Utah dentist Elbert O. Thompson worried he'd have to give up his career because of back problems.
He didn't want to leave the cavity-filling and the teeth-pulling behind because he cherished his hard-won diploma, earned during the Depression in the pre-student-loan era from Chicago's prestigious Northwestern Dental School.In Utah in the 1950s, dental patients sat up in straight chairs. Dentists were forced to stand over their patients, kicking an electrical current regulator on one side of the chair, then bending like a corkscrew to look into the patient's mouth.
This gymnastic display occurred because patients, who were sitting up, had to leave the chair in order to spit. Thompson figured the spittoon was at the spine of his dentistry-related back problems. He began considering efficiency studies and bothering equipment people for new equipment.
"I determined with time-and-motion studies that as the dentist stands there and watches the patient spit, he's wasted enough time to buy a Cadillac every year. It's a stupid waste of time.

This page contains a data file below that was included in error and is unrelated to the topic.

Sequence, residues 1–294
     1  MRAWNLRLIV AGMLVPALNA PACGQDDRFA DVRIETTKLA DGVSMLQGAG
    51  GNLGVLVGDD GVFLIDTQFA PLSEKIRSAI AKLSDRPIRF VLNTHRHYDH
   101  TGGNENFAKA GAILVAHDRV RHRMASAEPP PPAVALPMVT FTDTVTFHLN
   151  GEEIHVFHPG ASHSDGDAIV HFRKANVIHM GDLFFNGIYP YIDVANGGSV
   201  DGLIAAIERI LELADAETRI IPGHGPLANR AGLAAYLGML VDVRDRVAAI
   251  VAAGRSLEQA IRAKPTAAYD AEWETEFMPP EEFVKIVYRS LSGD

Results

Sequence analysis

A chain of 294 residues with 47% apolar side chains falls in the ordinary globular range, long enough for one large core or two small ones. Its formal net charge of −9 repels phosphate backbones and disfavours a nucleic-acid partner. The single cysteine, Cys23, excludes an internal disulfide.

"One day - I don't know how I had the courage to do it - (but) I laid a patient way back in the chair with pillows and used my belt to stabilize her knees." At the same time, Thompson started tinkering with plastic tubing, trying to figure out a way to use suction and water to eliminate the need for the cuspidor.
His first suction contraption had a major flaw: noise.
So he fiddled with motors. For a time, he used a milking machine from Sears & Roebuck. Then he tried a surgical pump, which proved too strong. "You could get a hold of a cheek with one of those things and it would produce hematomas." Eventually, he developed a suction pump powered by the same principles that operate a sewing machine motor.
Now 80, Thompson retired from his Holladay practice about 13 years ago. But his futuristic vision hasn't dulled.
And Thompson remembers back nearly 40 years, when he started experimenting with ideas that eventually revolutionized his entire profession.